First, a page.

Let me take you to an excursion to the origin of this blog: I started writing about my thoughts on mining and its legacy in the UK and beyond. I wrote about the soils contaminated by metal mining and how lichens and mosses start natural succession in the most challenging habitats. There were posts on the toxicity of legacy mine sites and their effect on the wider environment, especially rivers, as well as touched on social and health aspects of the industry.
Together with two colleagues1 and two MSc students2 at University of Plymouth, I have taken up this latter thread again with a scientific risk assessment for people who frequent legacy mine sites contaminated with arsenic and metals for recreation or work.
Specifically, our research focused on the mining complex of Devon Great Consols in the Tamar Valley Area of Oustanding Beauty (AONB), an area of 67 hectare that is part of the UNESCO World Heritage Site ‘Cornwall and West Devon Mining Landscape‘. The mining history of Devon Great Consols began in the 16th century and ended in 1985 and broke several records, including ‘largest sulfide lode in West England’, ‘largest copper producer’ in the 1850s and in the 1870s, ‘largest arsenic producer’ in the world.
The mine generated great wealth for its owners and shareholders (Stewart, 2013), which at the time, were not bound to undertake remediation upon mine closure. Yet ores below ground and great heaps of waste materials at surface remain rich in arsenic, copper, zinc, iron, tin, tungsten and a range of other metals. Sporadically, the mine was worked for arsenic, tin and tungsten up to the 1930s and the waste heaps were reworked for copper and tin in the 1940s and 1970s. The site remains heavily contaminated, as documented by many scientific publications by the British Geologic Survey and others.
The relatively recent disturbance by mining activities, car rallies (!) and mountain biking combined with the toxic nature of the material means that vast areas remain bare of vegetation. This leaves the toxic waste vulnerable to erosion by wind, rain and frost.
A substantial proportion of the 67 hectare site is less contaminated than the waste heaps and much of that is under woodland management. However, some of the work areas are close to or directly on land covered in mine waste. Moreover, the area has been opened up to the public for walking, biking, horse riding, learning and picnicking on and along a network of 25 km of trails, put in place by the Mining Heritage Project of the Tamar Valley AONB. Arsenic is still abundant on site and it is highly toxic and carcinogenic, as I detailed in a previous blog post and is a major chronic health concern in many areas of the world (e.g. Ratnaike, 2003; World Health Organisation)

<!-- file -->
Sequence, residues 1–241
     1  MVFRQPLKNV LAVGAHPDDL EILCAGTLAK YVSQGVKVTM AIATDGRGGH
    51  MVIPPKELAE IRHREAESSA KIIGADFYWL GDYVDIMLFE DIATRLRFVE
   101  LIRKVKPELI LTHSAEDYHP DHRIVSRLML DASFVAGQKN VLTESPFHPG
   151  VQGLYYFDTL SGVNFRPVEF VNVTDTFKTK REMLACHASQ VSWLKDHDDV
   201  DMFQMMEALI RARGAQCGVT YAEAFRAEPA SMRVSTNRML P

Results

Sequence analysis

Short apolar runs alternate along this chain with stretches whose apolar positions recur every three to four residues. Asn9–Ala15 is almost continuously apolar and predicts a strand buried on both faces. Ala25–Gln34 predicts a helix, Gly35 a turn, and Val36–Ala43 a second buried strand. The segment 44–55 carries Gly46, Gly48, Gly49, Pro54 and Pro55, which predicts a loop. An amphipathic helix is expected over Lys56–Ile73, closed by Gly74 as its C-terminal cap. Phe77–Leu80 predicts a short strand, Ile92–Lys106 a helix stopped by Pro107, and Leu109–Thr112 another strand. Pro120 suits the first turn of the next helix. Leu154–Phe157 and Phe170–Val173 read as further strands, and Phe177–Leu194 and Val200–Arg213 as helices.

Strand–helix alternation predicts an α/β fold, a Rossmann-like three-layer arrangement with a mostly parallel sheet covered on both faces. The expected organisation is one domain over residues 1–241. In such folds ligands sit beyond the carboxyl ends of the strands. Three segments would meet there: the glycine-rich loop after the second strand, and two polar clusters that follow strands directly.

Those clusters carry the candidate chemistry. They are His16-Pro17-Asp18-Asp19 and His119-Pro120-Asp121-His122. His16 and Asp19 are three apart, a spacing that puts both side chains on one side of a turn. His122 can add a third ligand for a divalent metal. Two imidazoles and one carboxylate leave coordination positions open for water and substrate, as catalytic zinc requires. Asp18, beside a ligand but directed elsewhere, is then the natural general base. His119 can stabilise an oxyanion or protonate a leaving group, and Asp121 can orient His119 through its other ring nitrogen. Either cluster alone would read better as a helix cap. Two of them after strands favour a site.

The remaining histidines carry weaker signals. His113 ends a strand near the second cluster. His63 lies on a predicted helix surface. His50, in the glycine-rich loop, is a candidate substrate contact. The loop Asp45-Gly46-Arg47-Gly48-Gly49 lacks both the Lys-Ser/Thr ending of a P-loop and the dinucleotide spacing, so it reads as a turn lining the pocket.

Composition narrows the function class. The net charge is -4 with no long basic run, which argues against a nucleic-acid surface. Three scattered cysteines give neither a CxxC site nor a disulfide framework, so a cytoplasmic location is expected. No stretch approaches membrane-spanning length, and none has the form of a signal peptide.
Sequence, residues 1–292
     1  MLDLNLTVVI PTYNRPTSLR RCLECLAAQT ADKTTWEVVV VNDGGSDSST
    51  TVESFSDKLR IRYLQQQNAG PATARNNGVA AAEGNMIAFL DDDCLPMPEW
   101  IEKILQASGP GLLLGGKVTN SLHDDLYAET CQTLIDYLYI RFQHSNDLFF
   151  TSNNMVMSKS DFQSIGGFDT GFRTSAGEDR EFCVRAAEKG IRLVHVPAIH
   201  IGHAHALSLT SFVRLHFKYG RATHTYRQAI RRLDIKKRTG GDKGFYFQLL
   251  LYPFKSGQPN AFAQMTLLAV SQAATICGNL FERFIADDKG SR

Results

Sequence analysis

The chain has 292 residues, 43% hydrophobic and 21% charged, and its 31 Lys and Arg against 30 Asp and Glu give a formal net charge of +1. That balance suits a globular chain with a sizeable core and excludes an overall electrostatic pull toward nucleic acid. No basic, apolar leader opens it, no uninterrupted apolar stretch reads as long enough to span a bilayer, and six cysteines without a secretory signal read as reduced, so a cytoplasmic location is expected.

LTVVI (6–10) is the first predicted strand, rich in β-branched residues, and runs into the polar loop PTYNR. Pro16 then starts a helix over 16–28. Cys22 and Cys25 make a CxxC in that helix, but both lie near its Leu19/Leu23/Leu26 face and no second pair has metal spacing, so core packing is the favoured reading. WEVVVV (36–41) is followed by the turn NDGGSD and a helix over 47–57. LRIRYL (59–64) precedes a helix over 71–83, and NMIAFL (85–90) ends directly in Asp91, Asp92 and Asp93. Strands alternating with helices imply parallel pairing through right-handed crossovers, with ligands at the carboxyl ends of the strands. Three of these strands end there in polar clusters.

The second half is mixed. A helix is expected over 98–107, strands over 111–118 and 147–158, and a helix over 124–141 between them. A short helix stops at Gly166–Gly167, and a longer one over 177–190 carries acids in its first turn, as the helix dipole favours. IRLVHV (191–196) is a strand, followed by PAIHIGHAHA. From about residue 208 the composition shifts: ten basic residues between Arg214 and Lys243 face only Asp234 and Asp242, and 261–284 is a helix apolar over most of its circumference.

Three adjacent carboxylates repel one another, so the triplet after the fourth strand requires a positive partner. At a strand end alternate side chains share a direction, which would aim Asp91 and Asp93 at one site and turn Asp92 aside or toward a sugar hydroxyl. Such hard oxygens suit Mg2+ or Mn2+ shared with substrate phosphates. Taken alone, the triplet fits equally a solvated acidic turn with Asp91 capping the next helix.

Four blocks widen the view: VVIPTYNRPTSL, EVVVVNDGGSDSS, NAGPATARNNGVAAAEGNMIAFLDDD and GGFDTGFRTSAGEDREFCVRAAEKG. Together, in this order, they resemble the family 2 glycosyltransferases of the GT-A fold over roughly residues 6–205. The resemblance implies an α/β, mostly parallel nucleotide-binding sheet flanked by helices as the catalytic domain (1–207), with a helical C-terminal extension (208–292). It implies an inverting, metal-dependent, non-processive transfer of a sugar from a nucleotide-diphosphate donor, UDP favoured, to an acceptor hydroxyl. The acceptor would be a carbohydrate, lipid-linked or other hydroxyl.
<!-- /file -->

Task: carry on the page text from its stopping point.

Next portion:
The question is obvious: how safe is it today to work here or visit this place for recreation?
Our research investigated the risk to health associated with spending time at Devon Great Consols. We re-assessed general levels of contamination, what happens to arsenic in the human body when the waste material is ingested or inhaled.
We found that parts of the site accessible to the public greatly exceed soil guideline values for arsenic and that exposure of visitors and employees is greater than the dose of minimal risk to health. This led us to urge mining areas to be more thoroughly mitigated before being repurposed and opened to the public.
Our work has been published in the peer-reviewed scientific journal “Environmental Pollution“, which I have summarised for non-scientists in a related post: Arsenic Health Risk at UK World Heritage Site.
1 Dr Andrew Turner, Associate Professor in Environmental Science and
Mr Jamie Quinn, cartographer at the University of Plymouth, UK
2 Ms Xiaqing Chen and Mr Daniel Chester-Sterne, both graduates of MSc Environmental Consultancy at the University of Plymouth, UK
MSc students at the base of Anna Maria waste tip at Devon Great Consols mine, 2018. Image by C Braungardt.
Braungardt C, Chen X, Chester-Sterne D, Quinn JGA, Turner A (2020). Arsenic concentrations, distributions and bioaccessibilities at a UNESCO World Heritage Site (Devon Great Consols, Cornwall and West Devon Mining Landscape). Environmental Pollution 264. Accessible for free of charge from the publisher until 5th July 2020 at: https://authors.elsevier.com/a/1b18AzLNSVgDK
After that date, please contact me directly for an electronic copy at firstname.lastname@example.org
Ratnaike RN (2003) Acute and chronic arsenic toxicity. Postgraduate Medical Journal 79:391-396. [link]
Stewart RJ (2013) Devon Great Consols. A Mine of Mines. The Trevithick Society, Camborne. Obtainable from The Trevithick Society [link]